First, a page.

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There's good info above, but I have also found that concentrating on moving forward and pedaling through those hairy spots helps me keep from stiffening up on the bike and making things much worse.
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Old 07-21-21, 10:05 AM
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Also check you tire pressure and make sure it is in a good range for your weight, rim width, etc. Stay off the saddle. Make sure your front wheel has some weight on it but don't hold it like a vise. Some times on really fast turns I weight the outside pedal and I feel it is mostly to keep the weight distribution stable as opposed to pedaling through the turn. I am usually the fastest descender in my groups (unless a real racer joins up who can pedal harder on the straights...then I just chase and it is even more fun) and I use a lot of my mountain biking techniques. I find that you want to keep the front somewhat light on fast DH runs but keep it weighted a bit on turns for sure. I'm rarely actually sitting heavy on the saddle and constantly touching/hovering over it even when coasting DH at 45-50 and not pedaling. YES, stop stiffening and locking out your arms. Keep them firm for control and bent slightly. Keep the weight back for the fast downhills but keep those hands secure and elbows slightly bent always. When not pedaling, I often keep my leading foot just above parallel to the ground to act as a stopping spring to prevent me from going forward if I hit a bump unexpectedly. Try one technique at a time and practice, if you cannot think of them all at once. I also scan the road in front- 30-50 feet ahead constantly, to look for debris, deer, whatever.
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Old 07-21-21, 10:14 AM
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Alass I no longer can ride fast enough to get that feeling. It's that feeling where you know you are going to fast and must maintain control and concentration or else. You trust in your pre flight check list, your road conditions and on coming traffic. You trust in your skills... AND YOU FLY!!!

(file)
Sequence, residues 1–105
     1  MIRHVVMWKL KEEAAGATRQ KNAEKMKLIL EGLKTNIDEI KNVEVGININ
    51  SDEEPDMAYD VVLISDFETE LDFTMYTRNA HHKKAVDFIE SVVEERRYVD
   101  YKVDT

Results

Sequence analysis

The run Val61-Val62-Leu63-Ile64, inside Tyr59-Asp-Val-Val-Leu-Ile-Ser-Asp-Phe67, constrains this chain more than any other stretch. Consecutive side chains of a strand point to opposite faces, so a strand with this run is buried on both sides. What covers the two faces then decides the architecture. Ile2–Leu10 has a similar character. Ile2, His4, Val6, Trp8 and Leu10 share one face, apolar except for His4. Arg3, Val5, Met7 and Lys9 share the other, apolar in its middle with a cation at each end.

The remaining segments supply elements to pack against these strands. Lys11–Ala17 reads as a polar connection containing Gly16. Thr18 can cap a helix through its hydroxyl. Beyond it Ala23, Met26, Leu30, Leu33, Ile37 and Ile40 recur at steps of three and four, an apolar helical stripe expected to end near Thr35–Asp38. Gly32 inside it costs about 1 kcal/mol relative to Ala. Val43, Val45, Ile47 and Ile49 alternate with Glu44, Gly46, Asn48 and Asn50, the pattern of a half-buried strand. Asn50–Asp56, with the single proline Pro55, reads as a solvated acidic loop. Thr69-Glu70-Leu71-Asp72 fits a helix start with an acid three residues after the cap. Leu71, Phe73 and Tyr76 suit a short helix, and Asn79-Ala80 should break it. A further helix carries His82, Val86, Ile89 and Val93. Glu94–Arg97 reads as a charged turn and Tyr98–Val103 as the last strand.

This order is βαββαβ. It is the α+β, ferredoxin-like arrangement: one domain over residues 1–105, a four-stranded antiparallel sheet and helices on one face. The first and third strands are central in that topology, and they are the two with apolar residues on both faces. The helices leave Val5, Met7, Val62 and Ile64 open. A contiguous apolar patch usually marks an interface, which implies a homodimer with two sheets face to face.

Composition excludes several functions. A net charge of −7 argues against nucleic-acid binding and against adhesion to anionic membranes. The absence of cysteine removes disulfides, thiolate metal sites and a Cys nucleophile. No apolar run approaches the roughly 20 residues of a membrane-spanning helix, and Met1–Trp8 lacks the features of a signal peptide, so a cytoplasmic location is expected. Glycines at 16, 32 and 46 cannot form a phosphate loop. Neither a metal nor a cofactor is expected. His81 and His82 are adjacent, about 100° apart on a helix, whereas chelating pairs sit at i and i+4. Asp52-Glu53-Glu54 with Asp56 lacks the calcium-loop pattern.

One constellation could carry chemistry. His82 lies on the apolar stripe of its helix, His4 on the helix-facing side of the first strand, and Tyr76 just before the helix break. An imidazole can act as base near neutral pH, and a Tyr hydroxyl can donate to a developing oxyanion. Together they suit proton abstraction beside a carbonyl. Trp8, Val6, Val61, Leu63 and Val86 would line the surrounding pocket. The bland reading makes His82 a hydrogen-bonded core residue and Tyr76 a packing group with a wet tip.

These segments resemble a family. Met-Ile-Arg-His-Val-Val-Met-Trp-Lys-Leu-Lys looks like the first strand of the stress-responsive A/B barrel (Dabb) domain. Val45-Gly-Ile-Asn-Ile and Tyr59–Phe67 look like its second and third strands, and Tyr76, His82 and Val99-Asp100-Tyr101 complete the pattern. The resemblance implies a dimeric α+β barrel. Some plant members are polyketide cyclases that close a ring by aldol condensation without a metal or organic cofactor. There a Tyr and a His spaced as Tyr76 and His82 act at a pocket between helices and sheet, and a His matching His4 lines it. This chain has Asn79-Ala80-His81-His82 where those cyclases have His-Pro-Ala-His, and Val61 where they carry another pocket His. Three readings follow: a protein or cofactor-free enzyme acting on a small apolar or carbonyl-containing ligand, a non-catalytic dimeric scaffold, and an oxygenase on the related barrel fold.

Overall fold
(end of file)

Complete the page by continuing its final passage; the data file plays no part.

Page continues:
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Old 07-21-21, 10:23 AM
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i generally do not descend fast when road conditions are crappy, when when nice i fly.

fast is fun but only when safe. i'd hate to wipe on some of the descents i do, i fear that if i ever went over the side it would be a day or two before i was found.
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Old 07-21-21, 11:58 AM
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You might also check your headset adjustment and make sure your rims are clean and straight (if you have rim brakes).
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Old 07-21-21, 01:30 PM
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You need weight over the front wheel for it to brake properly (maintain traction) so throwing your weight back isn't a great idea. Maintain a neutral body position
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Old 07-21-21, 01:31 PM
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Originally Posted by Jack Tone View Post
You might also check your headset adjustment and make sure your rims are clean and straight (if you have rim brakes).
Make sure to also check that your wheels are properly dished. I was feeling a bit unstable on fast downhills last summer, and it turned out my rear wheel was a few millimeters out of dish. It made a huge difference.
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Old 07-21-21, 04:45 PM
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Originally Posted by terrymorse View Post
1. Hands should be pushing against the drops only enough to keep your body back. Elbows should be bent and arms should be flexible enough be absorb bumps.

2. Weight should be on the pedals, not on the saddle. Cranks should be horizontal, especially if the road is rough. You can drop the outside pedal into the turn, if the road is smooth enough.

3. Did I mention no weight on the saddle?
All good advice, but the key is that you don't want to be thinking about any of these things at all while you're doing them.
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Old 07-21-21, 05:37 PM
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Originally Posted by Sy Reene View Post
All good advice, but the key is that you don't want to be thinking about any of these things at all while you're doing them.
But you do need to think about these things when you're learning and practicing the technique, until they become second nature.